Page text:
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J.M. Synge

This tag is associated with 4 posts

More Synge on the small screen

Following on from my last blog post on the 1960 BBC production of J. M. Synge’s Riders to the Sea which was originally broadcast in a schools television strand and later that year repeated one evening for an adult audience, I offer a brief survey of other plays by Synge which are known to have been produced on British television, including two more schools productions. This survey takes us from three of Synge’s works which were produced by Dubliner Fred O’Donovan in the decade from 1938 up to the 1985 BBC production of The Playboy of the West Indies, Mustapha Matura’s re-working of Synge’s The Playboy of the Western World in a 1950s Trinidadian setting. Continue reading

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The Edwardians: J. M. Synge’s Riders to the Sea (BBC, 1960)

‘Edwardian Drama on the Small Screen’, our third ‘Classics on TV’ season at BFI Southbank, opens on Thursday with a spectacular double bill. Following the sumptuous 1969 BBC production of Oscar Wilde’s An Ideal Husband, directed by Rudolph Cartier, is the 28-minute production of the one-act play Riders to the Sea by the Irish playwright John Millington Synge (1871-1909). Produced by the BBC for broadcast to schools in 1960, Riders to the Sea has much to recommend it: the production was, in fact, considered to be such a powerful presentation of the drama that it was repeated some months later in an evening slot of 9.30pm with the clear intention of reaching a larger adult audience. This powerful tragedy is set in a sparse set, reflecting the harshness of the environment on the Aran Islands, with the sound of the life-taking sea-waves dominating the soundscape. Dame Sybil Thorndike plays the role of old Maurya who has lost her husband and all of her six sons to the sea, and – with the death of the last – reaches a kind of peace. Sean Connery makes an appearance as her son Bartley, and her daughters Cathleen and Nora are played by Olive McFarland and Jan Kenny respectively. But do come and see for yourself on Thursday at the BFI! Continue reading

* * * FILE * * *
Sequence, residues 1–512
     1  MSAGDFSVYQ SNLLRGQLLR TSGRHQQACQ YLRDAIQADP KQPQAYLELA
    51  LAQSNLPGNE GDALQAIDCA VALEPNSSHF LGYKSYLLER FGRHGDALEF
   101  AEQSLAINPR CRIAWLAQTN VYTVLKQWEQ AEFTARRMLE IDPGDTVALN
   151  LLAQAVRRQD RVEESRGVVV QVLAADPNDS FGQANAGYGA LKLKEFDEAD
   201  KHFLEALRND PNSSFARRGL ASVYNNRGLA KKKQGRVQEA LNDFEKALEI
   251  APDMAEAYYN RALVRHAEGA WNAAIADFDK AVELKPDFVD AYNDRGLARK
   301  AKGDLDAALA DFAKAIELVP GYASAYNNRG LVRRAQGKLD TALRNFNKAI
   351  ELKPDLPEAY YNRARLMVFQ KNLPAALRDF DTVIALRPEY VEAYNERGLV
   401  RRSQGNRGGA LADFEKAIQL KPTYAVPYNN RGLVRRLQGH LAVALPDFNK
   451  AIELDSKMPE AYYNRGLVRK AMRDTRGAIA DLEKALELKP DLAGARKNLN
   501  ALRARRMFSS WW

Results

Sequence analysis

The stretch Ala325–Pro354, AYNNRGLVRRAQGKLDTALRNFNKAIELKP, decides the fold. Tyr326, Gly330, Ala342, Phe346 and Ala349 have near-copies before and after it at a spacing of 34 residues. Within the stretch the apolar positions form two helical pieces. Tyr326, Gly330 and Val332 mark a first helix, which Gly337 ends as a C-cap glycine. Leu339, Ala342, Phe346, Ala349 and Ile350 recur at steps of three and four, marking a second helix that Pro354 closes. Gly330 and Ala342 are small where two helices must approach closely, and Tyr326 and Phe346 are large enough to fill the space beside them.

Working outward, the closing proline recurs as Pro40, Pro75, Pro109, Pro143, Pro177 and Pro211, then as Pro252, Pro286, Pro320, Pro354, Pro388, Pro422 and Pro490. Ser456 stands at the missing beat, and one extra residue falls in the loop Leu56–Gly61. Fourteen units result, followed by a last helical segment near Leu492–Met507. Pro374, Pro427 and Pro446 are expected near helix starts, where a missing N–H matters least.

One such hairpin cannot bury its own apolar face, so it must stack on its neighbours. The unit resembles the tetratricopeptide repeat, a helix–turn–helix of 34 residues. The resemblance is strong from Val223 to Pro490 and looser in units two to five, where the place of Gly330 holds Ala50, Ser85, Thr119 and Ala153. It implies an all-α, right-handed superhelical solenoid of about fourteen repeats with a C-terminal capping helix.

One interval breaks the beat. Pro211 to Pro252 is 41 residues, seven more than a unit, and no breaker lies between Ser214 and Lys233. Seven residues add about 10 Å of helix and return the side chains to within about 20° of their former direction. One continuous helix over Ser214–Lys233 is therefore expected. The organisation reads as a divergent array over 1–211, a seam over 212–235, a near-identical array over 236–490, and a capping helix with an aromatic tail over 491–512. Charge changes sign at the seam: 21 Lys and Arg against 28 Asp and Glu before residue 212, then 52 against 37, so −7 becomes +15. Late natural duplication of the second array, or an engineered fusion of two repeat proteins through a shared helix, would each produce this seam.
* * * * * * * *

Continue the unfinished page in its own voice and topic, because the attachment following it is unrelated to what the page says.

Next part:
‘Classics on TV: Edwardian Drama on the Small Screen’, a BFI Southbank season + Screen Plays symposium, May 2014

Following on from our successful ‘Classics on TV’ seasons ‘Greek Tragedy on the Small Screen’ (June 2012) and ‘Jacobean Tragedy on the Small Screen’ (March-April 2013), Screen Plays is delighted once again to be working with BFI Southbank. In May ‘Edwardian Drama on the Small Screen’ will present six programmes of television productions of plays written between the 1890s and the First World War. Curated by John Wyver, the season includes notable productions of plays by Oscar Wilde, Harley Granville-Barker, George Bernard Shaw, John Galsworthy, J. M. Synge and D. H. Lawrence. Continue reading

Programming ‘The Edwardians’, part 1

In the past two years my colleague Amanda Wrigley and I have curated two ‘Classics on TV’ seasons of screenings at BFI Southbank, Greek tragedy on the small screen (June 2012) and Jacobean tragedy on the small screen (March-April 2013). I am delighted to say that Screen Plays has been asked to programme a third such season, which is to be The Edwardians at some point next spring. As before, the season will comprise six screenings including a panel discussion, and we hope also to organise a complementary half-day symposium at the University of Westminster. The final selection of the season has to be made over Christmas with the booklet copy ready by the end of January. I am just now in the final stages of thinking about which television productions to show, and why, and I thought it might be interesting to post about the process. I would also really welcome any suggestions or reactions to the choices I muse about here. Continue reading

Emitron camera at Alexandra Palace